2 Jul 2009

Faking It

(By Nalini S Malaviya)

Last week, I was asked to look at a book, Faking It, which is an art crime novel, written by Amrita Chowdhury. Currently, Amrita is working as the Associate Director of the India Research Center division of Harvard Business School and this is her first foray into fiction. Passionate about contemporary Indian art, Amrita has set her fast paced novel in the art corridors of Mumbai. According to Amrita, she herself is an avid art collector, and as Indian art is doing so well across the world, this was a good time to set her fictional story around the Indian art scene.
The novel is about a finance expert, Tara Malhotra, who, against her wishes, is uprooted from the United States to Mumbai. Struggling to find her footing in Mumbai, indulging in extensive party hopping and high-end shopping, she ultimately decides to set up her own art gallery. But, for that to happen she needs to have that perfect piece of art in her personal collection to impress her social peers. So, when an opportunity presents to buy a newly found work by Amrita Sher-Gil she succumbs hook, line and sinker, spending all her savings in the process. And, as luck would have it, the painting turns out to be a fake. The second part of the novel is a chase around town (car chases to the airport included!) to nab the forgers, and eventually, to trap the kingpin behind this multi-million dollar racket.

The book turns out to be quite informative about the business side of Indian art and is full of little details on how the market functions, but I’m not sure how an art-unfriendly reader will respond to it. The vacuous life of a socialite as she flits from one party to another and buys every designer label in sight, paints a pathetic picture of a returned-from-abroad Indian who tries to compensate for the sense of isolation and displacement. While, the second part of the book portrays how the protagonist evolves and comes into her own.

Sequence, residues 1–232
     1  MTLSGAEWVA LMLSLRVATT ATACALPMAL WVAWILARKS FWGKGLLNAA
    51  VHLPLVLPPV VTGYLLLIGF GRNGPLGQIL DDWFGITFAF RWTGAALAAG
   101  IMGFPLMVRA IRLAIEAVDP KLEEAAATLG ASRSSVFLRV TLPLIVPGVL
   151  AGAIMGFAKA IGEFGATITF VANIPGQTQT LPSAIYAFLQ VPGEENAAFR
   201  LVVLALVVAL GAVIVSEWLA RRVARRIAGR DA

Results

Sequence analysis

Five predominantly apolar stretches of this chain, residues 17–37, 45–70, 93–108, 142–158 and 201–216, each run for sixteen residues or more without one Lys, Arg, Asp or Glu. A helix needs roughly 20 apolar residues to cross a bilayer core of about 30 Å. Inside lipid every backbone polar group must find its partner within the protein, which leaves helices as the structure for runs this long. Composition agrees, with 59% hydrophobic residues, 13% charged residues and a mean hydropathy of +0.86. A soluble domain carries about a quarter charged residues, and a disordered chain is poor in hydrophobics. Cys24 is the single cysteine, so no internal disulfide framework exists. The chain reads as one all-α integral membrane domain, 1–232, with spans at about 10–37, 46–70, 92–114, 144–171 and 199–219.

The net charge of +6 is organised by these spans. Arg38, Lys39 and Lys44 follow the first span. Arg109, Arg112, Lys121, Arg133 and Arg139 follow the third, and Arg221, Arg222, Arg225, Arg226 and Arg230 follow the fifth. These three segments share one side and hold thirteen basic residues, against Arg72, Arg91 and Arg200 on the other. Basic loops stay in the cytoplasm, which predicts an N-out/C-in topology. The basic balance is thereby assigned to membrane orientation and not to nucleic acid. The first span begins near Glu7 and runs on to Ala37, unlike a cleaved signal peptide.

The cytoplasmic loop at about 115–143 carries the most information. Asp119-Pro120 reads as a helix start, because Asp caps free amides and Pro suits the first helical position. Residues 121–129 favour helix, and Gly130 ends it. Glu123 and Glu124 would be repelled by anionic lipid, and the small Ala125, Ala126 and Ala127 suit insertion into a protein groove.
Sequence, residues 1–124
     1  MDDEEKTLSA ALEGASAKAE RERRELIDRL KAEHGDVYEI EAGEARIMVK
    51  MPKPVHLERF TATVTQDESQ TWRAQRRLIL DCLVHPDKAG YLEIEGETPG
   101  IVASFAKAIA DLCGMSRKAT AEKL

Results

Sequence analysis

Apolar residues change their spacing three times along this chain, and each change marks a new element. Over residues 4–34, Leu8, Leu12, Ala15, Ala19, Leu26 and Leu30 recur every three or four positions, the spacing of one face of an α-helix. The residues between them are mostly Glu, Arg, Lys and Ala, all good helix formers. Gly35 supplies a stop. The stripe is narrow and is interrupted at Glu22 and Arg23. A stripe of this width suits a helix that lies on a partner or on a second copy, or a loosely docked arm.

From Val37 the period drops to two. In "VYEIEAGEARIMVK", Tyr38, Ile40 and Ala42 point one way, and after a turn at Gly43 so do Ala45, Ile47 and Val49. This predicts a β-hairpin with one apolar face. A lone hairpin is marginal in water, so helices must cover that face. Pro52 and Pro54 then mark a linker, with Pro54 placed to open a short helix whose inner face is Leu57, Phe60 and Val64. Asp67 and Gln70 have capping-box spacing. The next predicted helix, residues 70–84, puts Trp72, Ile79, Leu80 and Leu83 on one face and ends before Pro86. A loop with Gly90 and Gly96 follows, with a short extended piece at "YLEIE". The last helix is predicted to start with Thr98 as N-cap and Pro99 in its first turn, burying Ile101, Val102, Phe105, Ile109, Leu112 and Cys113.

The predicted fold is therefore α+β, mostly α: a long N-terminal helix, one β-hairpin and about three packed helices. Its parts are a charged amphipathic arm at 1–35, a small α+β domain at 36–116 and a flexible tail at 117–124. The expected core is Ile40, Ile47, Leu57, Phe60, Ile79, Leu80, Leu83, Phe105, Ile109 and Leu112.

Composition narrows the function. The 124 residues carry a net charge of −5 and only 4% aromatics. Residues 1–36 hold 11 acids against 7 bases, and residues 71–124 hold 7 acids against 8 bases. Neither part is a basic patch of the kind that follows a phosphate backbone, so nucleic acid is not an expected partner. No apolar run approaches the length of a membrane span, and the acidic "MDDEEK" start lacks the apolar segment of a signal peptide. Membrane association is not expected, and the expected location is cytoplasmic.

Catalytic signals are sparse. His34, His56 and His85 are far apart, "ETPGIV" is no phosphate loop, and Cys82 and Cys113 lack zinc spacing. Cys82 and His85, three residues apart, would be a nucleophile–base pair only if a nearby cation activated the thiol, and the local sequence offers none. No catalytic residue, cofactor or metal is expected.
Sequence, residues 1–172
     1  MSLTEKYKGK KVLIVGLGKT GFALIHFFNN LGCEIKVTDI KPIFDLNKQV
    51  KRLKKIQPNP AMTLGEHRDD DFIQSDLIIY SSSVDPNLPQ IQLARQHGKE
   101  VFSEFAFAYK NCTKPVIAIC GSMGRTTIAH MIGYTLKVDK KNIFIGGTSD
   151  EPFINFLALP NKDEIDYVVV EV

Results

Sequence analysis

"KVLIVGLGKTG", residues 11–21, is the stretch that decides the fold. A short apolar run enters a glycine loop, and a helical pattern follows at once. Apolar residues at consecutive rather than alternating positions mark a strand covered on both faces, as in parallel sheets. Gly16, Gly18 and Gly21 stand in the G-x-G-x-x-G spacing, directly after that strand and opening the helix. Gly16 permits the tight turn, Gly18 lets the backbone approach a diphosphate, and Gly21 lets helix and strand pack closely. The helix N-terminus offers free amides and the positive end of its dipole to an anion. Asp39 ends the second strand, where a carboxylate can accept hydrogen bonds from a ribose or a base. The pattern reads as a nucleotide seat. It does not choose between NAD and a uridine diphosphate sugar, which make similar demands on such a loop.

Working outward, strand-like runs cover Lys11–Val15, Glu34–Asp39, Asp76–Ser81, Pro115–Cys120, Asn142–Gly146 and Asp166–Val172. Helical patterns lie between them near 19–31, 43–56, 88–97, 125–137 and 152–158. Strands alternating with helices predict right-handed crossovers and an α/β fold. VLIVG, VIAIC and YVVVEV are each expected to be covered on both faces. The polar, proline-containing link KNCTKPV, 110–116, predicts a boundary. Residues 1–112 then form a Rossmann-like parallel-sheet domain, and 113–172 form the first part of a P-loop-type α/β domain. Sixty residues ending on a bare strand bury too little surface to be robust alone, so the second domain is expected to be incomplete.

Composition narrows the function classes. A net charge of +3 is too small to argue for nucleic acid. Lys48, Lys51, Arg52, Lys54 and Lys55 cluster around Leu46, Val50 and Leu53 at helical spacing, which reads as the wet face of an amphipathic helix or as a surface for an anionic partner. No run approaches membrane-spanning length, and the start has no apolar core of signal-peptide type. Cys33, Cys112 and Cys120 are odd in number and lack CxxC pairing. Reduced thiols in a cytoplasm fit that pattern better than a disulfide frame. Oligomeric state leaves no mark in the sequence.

It would not be fair to compare this book with Dan Brown’s Da Vinci Code or even Jeffrey Archer’s False Impression – both of which have art as the basic premise. Nevertheless, Faking It is a perfectly enjoyable read that focuses completely around Indian art. A breezy, easy going style of narration manages to keep the reader sufficiently interested to keep turning the pages to the very end.



After reading the book, it is very likely that you may want to take a look at some of the works by Amrita Sher-Gil or by one of the numerous artists mentioned in the book (from the Bengal school or the Progressive art group), in which case you could take a walk through NGMA, Bangalore and you are sure to find most of these artists there.

(Published in Bangalore Mirror)

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